There's a magnificent scene where Dracula calls for Lucy to come, not knowing that she had been put to rest by Van Helsing who relieved her vampire curse by ramming a stake into her heart, the result showing the Count going berserk, destroying objects in the mausoleum, including turning over her casket! Matheson's screenplay avoids major emphasis on Jonathan Harker's(Murray Brown)time with Dracula, opting instead to move from Transylvania to England where the Count eyes Lucy, Arthur(Simon Ward), her fiancé, calling on Van Helsing(..an impressive Nigel Davenport, who remains restrained and contained, not going over-the-top or creating a too eccentric scientist, firmly grounding his character into a dedicated pragmatist)to assist in determining what exactly is contributing to her anemia and sudden sickly nature. Penelope Horner's Mina isn't as richly presented, more of a supporting character whose endangered life(..Dracula, as revenge against Van Helsing and Arthur for the loss of Lucy, has Mina drink from his blood so he can control her)will need rescuing.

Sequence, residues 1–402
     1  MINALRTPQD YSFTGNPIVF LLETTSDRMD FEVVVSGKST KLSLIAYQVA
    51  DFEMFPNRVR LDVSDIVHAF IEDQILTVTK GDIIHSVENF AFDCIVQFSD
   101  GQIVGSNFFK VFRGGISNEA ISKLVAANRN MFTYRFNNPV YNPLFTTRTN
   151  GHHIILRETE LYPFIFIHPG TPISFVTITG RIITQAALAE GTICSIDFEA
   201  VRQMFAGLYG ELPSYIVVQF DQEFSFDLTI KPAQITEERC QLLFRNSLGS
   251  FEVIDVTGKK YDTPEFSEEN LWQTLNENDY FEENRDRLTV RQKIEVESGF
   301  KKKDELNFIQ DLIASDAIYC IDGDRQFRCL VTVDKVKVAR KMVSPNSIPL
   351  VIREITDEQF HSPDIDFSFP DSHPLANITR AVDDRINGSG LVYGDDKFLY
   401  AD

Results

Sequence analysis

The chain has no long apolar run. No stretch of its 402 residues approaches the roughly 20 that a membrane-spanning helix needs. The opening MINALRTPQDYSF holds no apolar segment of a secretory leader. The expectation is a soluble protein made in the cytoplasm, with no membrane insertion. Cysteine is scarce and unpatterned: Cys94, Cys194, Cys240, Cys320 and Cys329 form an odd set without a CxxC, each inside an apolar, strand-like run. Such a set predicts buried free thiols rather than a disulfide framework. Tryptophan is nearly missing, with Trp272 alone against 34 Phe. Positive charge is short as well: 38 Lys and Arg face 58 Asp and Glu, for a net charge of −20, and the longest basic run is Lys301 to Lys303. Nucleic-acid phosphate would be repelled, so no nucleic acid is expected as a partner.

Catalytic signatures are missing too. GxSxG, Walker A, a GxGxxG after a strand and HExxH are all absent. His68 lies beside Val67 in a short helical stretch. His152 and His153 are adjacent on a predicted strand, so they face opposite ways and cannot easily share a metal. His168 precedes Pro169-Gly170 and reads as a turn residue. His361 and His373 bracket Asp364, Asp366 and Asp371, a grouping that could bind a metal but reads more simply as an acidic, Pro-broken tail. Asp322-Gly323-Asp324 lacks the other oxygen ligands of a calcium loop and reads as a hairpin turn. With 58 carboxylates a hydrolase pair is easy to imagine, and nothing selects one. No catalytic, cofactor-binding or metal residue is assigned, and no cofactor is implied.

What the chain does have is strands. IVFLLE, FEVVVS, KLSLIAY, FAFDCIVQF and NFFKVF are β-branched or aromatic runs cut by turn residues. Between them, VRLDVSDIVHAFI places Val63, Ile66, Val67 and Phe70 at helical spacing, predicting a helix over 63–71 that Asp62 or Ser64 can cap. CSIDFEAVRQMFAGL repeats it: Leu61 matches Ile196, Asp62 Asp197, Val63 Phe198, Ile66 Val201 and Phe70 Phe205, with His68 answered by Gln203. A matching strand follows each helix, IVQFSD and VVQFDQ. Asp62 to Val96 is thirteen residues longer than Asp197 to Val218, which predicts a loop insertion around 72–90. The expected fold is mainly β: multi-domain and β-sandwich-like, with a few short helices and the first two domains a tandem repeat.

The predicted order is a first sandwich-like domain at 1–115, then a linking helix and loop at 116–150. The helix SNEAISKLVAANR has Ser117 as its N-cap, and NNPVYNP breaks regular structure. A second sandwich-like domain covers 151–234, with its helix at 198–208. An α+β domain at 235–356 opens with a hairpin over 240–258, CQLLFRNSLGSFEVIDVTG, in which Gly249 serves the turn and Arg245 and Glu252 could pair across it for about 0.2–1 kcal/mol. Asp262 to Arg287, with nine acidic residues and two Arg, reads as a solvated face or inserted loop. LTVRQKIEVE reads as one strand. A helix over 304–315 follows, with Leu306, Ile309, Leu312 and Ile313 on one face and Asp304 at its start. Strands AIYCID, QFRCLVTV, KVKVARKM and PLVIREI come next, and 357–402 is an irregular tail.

What I truly love about this production(..and the BBC version, featuring Louis Jordan as a more sophisticated, aristocratic Count)is the location shooting, evoking a totally different period by shooting in England, particularly the Castle Dracula, where Van Helsing and Arthur discover a pit and Iron Maiden, not to mention the coven of vampire brides in their coffins. Great jump scare where we find out about Harker's fate after being left behind by Dracula to become fodder for his brides. Unlike the Hammer Dracula films, this version shows that sunlight only paralyzes the Count, not burning his flesh. Another element not seen in other Dracula films is how the Count uses a mad dog to attack those he doesn't wish to bother with, and I was amused by how irritated he would get with those who would start up a row when he'd appear on the scene, trespassing, a contempt for mortals who thought they could harm him with pistols or fisticuffs.